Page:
Living in New Orleans, the cute and quaint communities of the Mississippi Gulf Coast are just a quick drive from the city and one I gladly take a few times a year. Growing up in Memphis and North Mississippi, I rarely made it to the coast at the other end of the state during my childhood. Beach vacations for our family were typically in the Florida Panhandle.
I’ve been lucky to spend the past 7 years enjoying numerous trips to the area and getting to know this hidden gem of a beach spot more and more with each trip.
In June 2020, after nearly three full months of lockdown in New Orleans due to Covid restrictions, things in Mississippi were slowly opening back up. At the time, we thought we were close to the end of the pandemic so we decided to take a quick weekend getaway with a couple of close friends to Gulfport.
Typically, my husband, Chuck, and I rent a room at one of the casinos in Biloxi. Since we were traveling with 3 other friends, we found a great Airbnb at a high-rise condo unit along the beach. We wanted to be as close as possible to one of the best features along the coast -- the beachfront path that’s perfect for biking, walking, and jogging.
While you can bike the 60 or so miles of coastline from Waveland all the way over to Ocean Springs, our normal trek takes us from Gulfport to the Biloxi Bay Bridge and back. The path runs on the beach and waterside of Beach Drive and with a majority of buildings along the way being across the street, the water views are largely unobstructed.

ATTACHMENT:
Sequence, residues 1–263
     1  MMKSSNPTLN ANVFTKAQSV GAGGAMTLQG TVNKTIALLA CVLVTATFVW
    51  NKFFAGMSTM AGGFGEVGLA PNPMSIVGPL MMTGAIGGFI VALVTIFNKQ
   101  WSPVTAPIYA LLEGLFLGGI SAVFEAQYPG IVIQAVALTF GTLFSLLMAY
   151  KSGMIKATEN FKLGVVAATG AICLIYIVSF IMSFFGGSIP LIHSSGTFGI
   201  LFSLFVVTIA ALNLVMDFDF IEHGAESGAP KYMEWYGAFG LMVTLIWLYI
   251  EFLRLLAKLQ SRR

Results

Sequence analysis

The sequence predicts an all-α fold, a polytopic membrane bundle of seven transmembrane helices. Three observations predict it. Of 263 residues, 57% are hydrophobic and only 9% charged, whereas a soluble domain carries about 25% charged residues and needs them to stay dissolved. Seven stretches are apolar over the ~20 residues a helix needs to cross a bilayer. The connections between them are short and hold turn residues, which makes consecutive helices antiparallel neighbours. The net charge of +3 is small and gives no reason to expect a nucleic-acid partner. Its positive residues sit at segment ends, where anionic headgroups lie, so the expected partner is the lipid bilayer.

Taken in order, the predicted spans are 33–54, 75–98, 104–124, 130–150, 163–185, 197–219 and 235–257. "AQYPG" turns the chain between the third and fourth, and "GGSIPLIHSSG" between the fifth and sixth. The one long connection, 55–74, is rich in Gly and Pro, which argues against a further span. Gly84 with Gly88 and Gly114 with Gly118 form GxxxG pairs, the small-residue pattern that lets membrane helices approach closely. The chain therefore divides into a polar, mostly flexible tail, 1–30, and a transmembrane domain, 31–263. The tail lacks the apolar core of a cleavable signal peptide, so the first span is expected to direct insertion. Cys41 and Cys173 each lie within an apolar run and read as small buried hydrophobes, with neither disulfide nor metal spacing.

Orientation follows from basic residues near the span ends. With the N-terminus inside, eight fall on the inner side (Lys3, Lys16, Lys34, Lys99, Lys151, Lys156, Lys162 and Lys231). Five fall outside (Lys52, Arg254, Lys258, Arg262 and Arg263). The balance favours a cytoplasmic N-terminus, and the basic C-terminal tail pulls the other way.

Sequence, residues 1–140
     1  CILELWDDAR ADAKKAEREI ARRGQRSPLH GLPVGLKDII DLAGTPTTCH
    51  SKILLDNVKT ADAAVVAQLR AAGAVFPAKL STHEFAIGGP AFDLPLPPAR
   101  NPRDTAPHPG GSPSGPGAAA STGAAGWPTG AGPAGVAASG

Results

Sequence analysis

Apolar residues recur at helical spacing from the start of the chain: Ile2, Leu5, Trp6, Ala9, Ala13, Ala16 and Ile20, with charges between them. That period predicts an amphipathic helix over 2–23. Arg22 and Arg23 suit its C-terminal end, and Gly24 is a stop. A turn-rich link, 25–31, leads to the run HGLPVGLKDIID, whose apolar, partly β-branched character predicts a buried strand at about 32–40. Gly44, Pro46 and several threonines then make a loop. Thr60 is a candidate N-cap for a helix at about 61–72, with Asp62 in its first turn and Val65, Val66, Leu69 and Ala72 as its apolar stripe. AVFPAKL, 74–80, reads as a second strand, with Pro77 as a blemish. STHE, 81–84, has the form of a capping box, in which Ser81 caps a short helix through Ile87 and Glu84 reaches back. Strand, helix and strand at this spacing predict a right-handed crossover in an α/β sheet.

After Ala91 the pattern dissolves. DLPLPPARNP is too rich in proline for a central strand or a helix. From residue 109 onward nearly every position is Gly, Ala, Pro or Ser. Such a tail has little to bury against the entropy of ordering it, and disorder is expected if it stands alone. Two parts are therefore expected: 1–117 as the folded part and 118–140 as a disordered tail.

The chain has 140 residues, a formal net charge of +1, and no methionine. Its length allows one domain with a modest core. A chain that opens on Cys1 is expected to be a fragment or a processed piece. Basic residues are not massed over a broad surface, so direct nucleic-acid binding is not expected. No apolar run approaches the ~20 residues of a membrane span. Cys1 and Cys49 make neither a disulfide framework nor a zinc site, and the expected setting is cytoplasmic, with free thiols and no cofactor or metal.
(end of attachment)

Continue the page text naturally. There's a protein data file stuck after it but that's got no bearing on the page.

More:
There are several places to stop and take in the scenery, including quite a few fishing piers. We often stop at some of the great beach bars and restaurants along the coastline for a quick bite or to take a break.
It’s absolutely beautiful along this stretch of the Gulf, but the devastation by Hurricane Katrina in 2005 and subsequent storms since then remains a stark reminder of what this area has been through. There are beautiful oak trees that were destroyed during the storm and came back to life as tree art thanks to the work of Dayton Scoggins, a fantastic “chainsaw artist”.
Another thing you’ll see along the trek are the empty lots. Home after home was destroyed during the storm in 2005 and many have not been rebuilt. Depending on the time of year, there is also current damage from the storms that have taken aim on the coast over the past few years.
However, there are also signs of rebuilding and resilience, and this stretch of coastline has some beautiful homes, great restaurants, and stunning oak trees. And, of course, the miles and miles of water views.
The best way to explore any area, in my opinion, is by foot or on a bike. I feel very lucky to live so close to a beach area that offers that option.
If you ever get the opportunity to head to the Mississippi Gulf Coast, be sure to rent a bike and soak in the salt air and sun while stopping along the way to learn more about this unique area of the South.
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